October 13th, 2017
Pollution from sewage works in Cranleigh Waters
ELF was contacted in May 2017 by Cranleigh Civic Society (CCS) about ongoing pollution from a sewage works into Cranleigh Waters, in Surrey. CCS is concerned that the situation will be made worse by planned housing developments and that the issue is not being properly addressed by the authorities in breach of Water Framework Directive requirements. CCS has been campaigning on this issue for more than three years with no legal guidance up to now.
Cranleigh Waters, a stream (classified as a “main river” by the Environment Agency as it is under its jurisdiction rather than that of the local authority) and an outflow from a sewage treatment facility operated by Thames Water, has a multitude of historic licence and permits for sewage effluent discharge to facilitate the dilution of effluent.
Over the last few years the stream has stopped flowing, particularly in the summer months, due to changes in rainfall patterns caused by climate change, low aquifers and increases in population. If the flow is too low the stream can’t dilute the sewage effluent sufficiently and Cranleigh Waters has now become eutrophic. This results in a water body rich in phosphates, nitrates, and organic nutrients and encourages the proliferation of plant life which kills fish and other animals by depriving them of oxygen.
In light of this, CCS has particular concerns over the amount of development proposed for their village and surrounding area. Waverly Borough Council (WBC) has granted planning permission for 1,320 homes and at least 5,000 new homes are proposed to discharge into Cranleigh Waters. This would represent an 86% increase in the discharge of effluent from current levels. The local angling society already has evidence of significantly dwindling fish stocks downstream and CCS considers additional housing projects are likely to cause further impacts.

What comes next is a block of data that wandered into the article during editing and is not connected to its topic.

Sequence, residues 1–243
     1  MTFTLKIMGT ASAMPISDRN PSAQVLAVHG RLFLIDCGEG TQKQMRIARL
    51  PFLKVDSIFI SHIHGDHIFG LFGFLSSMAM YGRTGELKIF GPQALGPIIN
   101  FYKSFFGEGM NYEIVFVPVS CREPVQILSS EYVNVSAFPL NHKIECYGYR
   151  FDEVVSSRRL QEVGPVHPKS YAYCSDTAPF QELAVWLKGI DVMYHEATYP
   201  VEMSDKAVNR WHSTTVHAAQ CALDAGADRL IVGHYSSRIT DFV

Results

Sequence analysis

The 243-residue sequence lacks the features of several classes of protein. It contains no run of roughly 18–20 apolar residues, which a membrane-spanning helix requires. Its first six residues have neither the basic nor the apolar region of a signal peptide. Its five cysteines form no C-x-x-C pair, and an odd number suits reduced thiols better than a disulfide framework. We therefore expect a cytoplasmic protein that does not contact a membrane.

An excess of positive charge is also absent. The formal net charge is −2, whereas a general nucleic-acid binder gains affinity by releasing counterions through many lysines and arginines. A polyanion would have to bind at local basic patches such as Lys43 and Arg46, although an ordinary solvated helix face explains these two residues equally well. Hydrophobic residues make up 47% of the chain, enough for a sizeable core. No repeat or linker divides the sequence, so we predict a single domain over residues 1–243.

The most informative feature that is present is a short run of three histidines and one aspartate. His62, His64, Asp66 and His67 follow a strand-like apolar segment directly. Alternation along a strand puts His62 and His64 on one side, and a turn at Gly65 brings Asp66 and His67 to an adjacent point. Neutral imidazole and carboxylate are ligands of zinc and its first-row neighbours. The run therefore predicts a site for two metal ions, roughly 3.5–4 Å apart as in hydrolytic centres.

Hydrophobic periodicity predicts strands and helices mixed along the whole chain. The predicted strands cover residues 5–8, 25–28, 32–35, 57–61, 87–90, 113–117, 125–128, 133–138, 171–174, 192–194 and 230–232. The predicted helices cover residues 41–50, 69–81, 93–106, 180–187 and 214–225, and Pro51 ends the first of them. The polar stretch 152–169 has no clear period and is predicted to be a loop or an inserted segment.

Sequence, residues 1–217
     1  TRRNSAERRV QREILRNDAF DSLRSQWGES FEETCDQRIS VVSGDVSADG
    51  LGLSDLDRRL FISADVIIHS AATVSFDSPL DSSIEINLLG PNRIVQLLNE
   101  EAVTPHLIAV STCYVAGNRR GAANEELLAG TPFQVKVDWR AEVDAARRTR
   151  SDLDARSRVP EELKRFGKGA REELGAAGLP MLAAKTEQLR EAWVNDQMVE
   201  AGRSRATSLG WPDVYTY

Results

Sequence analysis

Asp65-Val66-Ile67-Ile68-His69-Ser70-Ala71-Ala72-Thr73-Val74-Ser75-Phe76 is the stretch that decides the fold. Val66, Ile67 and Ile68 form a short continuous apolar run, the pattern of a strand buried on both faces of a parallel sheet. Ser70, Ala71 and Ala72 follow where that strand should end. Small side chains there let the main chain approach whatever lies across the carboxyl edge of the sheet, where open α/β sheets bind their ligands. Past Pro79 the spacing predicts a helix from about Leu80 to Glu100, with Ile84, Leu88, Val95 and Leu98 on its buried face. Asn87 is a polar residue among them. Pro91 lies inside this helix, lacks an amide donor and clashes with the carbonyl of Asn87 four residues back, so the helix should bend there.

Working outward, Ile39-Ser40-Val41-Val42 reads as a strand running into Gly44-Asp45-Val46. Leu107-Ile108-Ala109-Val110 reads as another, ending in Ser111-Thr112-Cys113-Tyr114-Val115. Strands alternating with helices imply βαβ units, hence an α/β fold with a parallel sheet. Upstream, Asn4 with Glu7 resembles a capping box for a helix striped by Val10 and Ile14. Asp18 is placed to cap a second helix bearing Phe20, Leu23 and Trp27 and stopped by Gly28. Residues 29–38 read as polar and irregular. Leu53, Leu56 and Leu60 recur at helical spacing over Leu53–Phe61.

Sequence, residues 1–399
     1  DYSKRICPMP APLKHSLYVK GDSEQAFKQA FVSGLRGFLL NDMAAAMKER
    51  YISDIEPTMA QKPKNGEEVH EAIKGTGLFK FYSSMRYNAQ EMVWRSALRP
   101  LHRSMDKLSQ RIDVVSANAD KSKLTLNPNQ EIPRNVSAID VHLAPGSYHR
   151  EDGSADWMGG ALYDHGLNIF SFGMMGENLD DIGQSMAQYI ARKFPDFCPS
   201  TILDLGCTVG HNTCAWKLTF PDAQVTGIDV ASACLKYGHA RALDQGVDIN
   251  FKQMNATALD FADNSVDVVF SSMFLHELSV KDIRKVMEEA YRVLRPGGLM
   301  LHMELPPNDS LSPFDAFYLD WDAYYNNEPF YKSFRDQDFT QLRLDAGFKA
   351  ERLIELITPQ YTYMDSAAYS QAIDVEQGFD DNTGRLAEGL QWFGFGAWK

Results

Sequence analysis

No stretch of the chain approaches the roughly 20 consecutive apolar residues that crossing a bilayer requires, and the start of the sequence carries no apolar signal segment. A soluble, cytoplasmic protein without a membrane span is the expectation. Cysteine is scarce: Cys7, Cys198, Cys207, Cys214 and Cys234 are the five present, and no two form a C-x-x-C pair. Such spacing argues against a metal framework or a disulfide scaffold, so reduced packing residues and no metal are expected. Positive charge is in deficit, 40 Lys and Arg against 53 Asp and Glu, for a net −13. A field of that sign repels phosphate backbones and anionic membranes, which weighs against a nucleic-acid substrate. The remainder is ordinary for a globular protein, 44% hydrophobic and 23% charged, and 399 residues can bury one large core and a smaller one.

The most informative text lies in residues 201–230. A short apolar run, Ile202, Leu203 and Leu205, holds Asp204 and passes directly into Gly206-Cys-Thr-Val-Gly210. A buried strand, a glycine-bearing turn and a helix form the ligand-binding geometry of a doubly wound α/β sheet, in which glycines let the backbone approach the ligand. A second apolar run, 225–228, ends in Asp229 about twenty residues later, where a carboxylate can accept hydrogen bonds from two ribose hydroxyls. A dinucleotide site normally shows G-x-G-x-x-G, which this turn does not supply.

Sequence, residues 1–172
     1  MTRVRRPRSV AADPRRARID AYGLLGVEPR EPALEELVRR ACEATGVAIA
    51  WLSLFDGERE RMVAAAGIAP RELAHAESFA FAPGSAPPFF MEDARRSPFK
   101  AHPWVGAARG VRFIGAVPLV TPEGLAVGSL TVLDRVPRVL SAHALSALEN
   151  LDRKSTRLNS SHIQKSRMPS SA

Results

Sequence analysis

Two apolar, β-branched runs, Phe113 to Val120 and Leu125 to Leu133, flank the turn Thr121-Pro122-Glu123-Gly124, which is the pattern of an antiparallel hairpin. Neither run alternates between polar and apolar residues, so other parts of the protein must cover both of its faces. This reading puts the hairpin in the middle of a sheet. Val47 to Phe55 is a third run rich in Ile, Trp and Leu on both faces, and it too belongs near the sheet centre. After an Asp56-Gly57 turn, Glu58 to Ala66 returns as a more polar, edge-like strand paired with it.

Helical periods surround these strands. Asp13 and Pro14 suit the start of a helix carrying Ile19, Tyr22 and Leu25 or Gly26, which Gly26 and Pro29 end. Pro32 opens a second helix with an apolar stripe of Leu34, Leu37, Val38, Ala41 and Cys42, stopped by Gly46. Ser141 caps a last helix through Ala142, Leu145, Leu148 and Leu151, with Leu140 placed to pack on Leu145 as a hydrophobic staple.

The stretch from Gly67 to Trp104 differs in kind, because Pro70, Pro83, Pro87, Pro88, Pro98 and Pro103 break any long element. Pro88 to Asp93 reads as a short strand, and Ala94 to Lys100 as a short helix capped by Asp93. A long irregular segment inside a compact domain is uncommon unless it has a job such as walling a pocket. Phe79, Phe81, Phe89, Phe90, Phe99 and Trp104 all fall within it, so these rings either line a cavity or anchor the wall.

CCS believes that the baseline data in the June 2017 version of an Amec Foster Wheeler report on Cranleigh Waters carried out on behalf of WBC, is based on a mean value for the period 2010 – 2015. A water expert working with CCS considers that this cannot be described as ‘current’, yet is used as a basis for all modelled predictions. For example, it is indicated that fish are at good or high status whereas locally provided information from an authoritative source would indicate their virtual absence in 2016.
Two weeks ago ELF was urgently notified by CCS that they had been presented with an opportunity to present oral representations at WBC’s local plan examination. Part of those submissions was to be mitigation measures that CCS proposed for Cranleigh Waters in the context of the local plan. ELF sought urgent assistance from our pro-bono professional membership network and John Bates, barrister at Old Square Chambers, long time ELF member and water law specialist, kindly agreed to assist.
Amongst many lines of discussion with John, of particular interest was the finding of the EU court in the Bund für Umwelt case. This found that there was an “obligation of the Member States not to authorise a project that may cause a deterioration of the status of a body of surface water”.
However, having gone to considerable effort, it was with great disappointment that 12 hours before CCS were due to present their submissions, they were told the Inspector no longer wanted to hear from them. This was extremely disappointing. CCS hope that the Inspector will consider their written representations although feedback from one attendee indicated that the environment was not on the table for discussion.
Adrian Clarke of Cranleigh Civic Society and a Fellow of the Chartered Institute of Building who has worked on several large housing and commercial projects, said:
“We are not against new building; we accept the need for new housing particularly in South East England. Our issue is that we think that local authorities should make sure that they sort out the infrastructure before approving new housing estates. In many cases, they are simply not doing that.”
Despite this latest setback, CCS’s campaign continues. The local MP Anne Milton has arranged a meeting with CCS, the Environment Agency, Thames Water and WBC on 24th July 2017 to discuss the problems at Cranleigh Waters.
ELF sees so many synergies with communities that we are working to support and we will continue working with CCS and others who campaign on issues of water quality. More generally of course this case highlights the pressures on the natural environment caused by a rapid increase in house building and the need for regulatory authorities to properly consider their statutory environmental duties in addressing them.